Mothers really can’t win when it comes to feeding their babies. Regardless of what, when, where or how they feed, they’re going to offend someone. And moms who nurse their children past the age of one are no exception.
It doesn’t matter that the World Health Organization recommends breastfeeding until at least the age of two. Or that the benefits of breastmilk continue past infancy. Some people just can’t keep their unsolicited advice to themselves. Here are some of the judgmental, offensive and ignorant comments moms who practice extended breastfeeding hear on a daily basis (and examples of what you should never say to them):
“Wow, you’re still nursing?”
This is as good as any a place to start, because an overarching theme here is this: It’s not your business, and it doesn’t affect you. Unless someone’s parenting is explicitly and immediately putting a child in harm, I suggest just keeping mum on the whole subject.
“Once they can ask for it, they should no longer get it.”
Logically, this makes no sense. Most kids start talking at around one, so many babies can sign or outright ask for milk at a very young age. Others don’t start talking until they are toddlers. Which means using language as a cutoff date for breastfeeding would be totally arbitrary (and unhealthy).
“If she’s got teeth, then she’s ready to be off the boob and on to solids.”
Having a couple chompers in her mouth doesn’t mean a baby is ready to ditch the boob and head straight to solids. Some kids get teeth as young as three months, which is too young to start solids and water. Besides, breastfeeding offers the kind of balanced nutrition that babies don’t get when they first start solids. Which means there has to be overlap between breastfeeding, and introducing food. Teeth have nothing to do with anything.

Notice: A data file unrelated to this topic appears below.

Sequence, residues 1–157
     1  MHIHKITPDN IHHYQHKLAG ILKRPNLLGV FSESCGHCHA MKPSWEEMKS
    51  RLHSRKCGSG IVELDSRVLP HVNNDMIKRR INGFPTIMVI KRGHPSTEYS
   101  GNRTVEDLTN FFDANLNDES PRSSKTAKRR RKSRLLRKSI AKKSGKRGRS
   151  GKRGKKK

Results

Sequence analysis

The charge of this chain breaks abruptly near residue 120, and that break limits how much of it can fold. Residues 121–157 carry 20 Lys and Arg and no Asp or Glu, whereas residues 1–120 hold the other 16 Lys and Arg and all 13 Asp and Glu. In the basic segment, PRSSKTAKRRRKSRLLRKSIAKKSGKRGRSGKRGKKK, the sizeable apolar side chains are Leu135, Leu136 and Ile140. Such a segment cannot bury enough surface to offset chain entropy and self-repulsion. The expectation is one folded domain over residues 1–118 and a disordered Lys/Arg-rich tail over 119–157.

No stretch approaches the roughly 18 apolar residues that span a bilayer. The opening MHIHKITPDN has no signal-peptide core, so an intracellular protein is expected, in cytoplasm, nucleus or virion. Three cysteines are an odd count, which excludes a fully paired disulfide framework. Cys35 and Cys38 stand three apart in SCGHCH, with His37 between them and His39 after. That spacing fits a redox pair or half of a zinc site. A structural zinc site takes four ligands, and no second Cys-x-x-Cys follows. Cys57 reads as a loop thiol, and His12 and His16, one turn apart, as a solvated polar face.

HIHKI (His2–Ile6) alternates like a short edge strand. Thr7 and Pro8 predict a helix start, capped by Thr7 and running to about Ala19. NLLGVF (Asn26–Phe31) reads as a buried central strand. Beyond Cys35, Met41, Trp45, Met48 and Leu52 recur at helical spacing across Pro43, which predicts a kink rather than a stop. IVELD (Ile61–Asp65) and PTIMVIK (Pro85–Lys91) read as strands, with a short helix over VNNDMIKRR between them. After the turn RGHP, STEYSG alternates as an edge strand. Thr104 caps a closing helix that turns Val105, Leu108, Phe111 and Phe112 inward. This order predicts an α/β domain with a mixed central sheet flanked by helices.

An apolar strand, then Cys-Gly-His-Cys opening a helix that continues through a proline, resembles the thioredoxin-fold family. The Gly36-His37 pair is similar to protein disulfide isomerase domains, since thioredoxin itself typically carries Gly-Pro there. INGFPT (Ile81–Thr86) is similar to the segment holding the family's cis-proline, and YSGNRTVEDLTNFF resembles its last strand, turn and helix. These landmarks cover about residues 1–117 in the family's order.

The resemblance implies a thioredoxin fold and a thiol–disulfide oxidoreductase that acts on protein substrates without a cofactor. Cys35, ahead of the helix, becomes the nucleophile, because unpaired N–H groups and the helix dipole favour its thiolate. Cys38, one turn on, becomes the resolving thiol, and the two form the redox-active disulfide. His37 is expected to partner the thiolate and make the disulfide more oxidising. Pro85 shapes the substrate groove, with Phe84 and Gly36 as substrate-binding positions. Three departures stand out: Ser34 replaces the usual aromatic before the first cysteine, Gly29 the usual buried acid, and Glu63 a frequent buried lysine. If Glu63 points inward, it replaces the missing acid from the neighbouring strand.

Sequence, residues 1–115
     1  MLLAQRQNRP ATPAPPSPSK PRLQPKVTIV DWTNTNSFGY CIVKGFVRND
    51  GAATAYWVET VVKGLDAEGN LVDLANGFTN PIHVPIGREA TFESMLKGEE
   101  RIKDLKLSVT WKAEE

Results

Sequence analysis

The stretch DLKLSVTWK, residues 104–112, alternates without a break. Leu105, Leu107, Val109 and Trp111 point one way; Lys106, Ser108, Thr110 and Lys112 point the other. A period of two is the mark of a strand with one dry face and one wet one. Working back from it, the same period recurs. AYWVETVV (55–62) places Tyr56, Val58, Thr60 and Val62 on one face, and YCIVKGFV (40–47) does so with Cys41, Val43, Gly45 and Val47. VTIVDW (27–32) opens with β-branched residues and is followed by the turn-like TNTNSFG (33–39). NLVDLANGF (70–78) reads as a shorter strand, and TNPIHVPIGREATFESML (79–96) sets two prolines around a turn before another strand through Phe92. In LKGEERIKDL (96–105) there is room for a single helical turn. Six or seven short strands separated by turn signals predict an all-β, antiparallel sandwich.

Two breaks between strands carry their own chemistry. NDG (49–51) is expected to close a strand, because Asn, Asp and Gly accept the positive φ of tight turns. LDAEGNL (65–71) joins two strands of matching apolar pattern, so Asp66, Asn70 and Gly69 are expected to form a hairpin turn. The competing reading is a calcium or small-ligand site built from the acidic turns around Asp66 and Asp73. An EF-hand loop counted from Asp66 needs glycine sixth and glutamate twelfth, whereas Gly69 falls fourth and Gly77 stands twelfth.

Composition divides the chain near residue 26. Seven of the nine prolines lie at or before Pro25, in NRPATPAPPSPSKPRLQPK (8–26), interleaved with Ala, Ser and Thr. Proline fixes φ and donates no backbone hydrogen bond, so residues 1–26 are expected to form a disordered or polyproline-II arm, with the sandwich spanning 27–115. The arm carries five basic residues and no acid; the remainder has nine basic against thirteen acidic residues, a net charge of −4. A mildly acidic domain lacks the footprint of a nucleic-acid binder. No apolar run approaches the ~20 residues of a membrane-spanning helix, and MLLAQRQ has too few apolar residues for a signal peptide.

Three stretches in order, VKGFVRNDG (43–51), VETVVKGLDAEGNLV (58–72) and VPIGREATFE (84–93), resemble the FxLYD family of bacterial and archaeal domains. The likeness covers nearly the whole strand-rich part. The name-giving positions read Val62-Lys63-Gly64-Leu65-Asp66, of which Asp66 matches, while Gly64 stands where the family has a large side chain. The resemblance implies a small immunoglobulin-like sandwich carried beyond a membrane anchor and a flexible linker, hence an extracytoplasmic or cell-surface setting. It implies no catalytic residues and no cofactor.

“Doesn’t it hurt now that he’s got teeth?”
Piggybacking off the previous teeth comment, there’s often a lot of concern from nosy onlookers about the impact on mom of nursing a kid with teeth. If you’ve ever had a toothless baby gnawing and mashing on your nipple, you’ll know there’s nothing soft about the human palate, toothless or otherwise. Also, most toddlers don’t engage their teeth when they’re nursing, so it’s really just a moot point anyway.
“At this rate you’ll be nursing a five-year-old (or 15-year old, or 25-year-old).”
Hilarious. Honestly though, studies show that most children wean naturally and at their own pace, usually before they are school-aged. So don’t worry, Aunt Linda, Junior here won’t be coming home from football practice asking for the boob.
“Extended nursing causes speech delay.”
It straight up doesn’t. Thanks, though.
“She’ll never transition to solids.”
Of course she will. Food is delicious, and babies know it. She can like breastmilk and spaghetti bolognaise, just like you can like milkshakes and club sandwiches.
“You’re going to end up spoiling that baby.”